After making the price fixing allegations, Whitacre became the highest-level executive to ever become a whistleblower in U.S. history. Whitacre’s intentions, however, were misguided, as his goal was to be named the President of ADM. However, his cooperation with the FBI was the reason they were able to recover over $1 billion in fines from ADM and other involved companies regarding the scheme. Additionally, ADM paid millions more to customers and plaintiffs of class action cases.

As part of Whitacre’s whistleblower agreement with the FBI, he would report and document any of ADM’s illegal activities to the FBI in exchange for immunity. However, he nullified that agreement by virtue of embezzling money from the corporation at the same time he was an FBI informant on the price fixing scheme. Over the course of the FBI investigation, he embezzled over $9 million from ADM. The hero takes a fall…

It’s likely that you’ve heard of the well-publicized Nigerian $25 million advance free frauds, where the target receives a letter from a Nigeria who attempts to persuade them to advance a significant amount of money with the promise of receiving a large gain in return. I can recall receiving these letters for at least the last 25 years, often receiving two or three per month. I never took them seriously, though.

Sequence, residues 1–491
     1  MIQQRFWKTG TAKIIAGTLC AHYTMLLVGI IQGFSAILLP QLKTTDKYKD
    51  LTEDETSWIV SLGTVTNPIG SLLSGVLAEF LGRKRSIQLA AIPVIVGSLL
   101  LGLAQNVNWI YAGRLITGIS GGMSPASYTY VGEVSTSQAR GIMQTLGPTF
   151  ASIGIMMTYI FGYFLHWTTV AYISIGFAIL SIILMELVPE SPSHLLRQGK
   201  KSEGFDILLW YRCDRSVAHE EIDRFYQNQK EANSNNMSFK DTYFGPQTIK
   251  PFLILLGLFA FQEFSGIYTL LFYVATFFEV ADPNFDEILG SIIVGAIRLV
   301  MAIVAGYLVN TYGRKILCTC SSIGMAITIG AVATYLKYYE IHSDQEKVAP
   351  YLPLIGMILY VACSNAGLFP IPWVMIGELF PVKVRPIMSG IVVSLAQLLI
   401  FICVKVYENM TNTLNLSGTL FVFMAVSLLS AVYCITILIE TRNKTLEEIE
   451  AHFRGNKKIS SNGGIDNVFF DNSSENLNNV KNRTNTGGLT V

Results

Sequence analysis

According to the FBI, Mark Whitacre’s motive for embezzling from ADM was because he had been scammed, and that the losses he suffered in the Nigerian scam – over $400,000 – may have been the initial reason behind his embezzlement activity. While Whitacre cannot be classified as unintelligent – he has a PhD and was the President of a major division in an international company – he certainly was naïve. The FBI asserts that Whitacre’s original attempts to embezzle funds from ADM were for the purpose of recovering his losses from the Nigerian scam. This further illustrates just how bizarre this case is in the corporate scandal world.

Mark Whitacre was sentenced to 10 years in a federal prison camp, but served only eight and a half years for good behavior. He and his wife became born-again Christians, and he is currently the President of Operations and Chief Operating Officer at a biotechnology firm in California called Cypress Systems.

In short, I highly recommend both the book and the movie. The book is more in-depth than the movie, but both are very entertaining. It’s a look into a part of the corporate world that most people never see, and it’s fast-paced and darkly humorous.

The moral of the story? No good deed goes unpunished.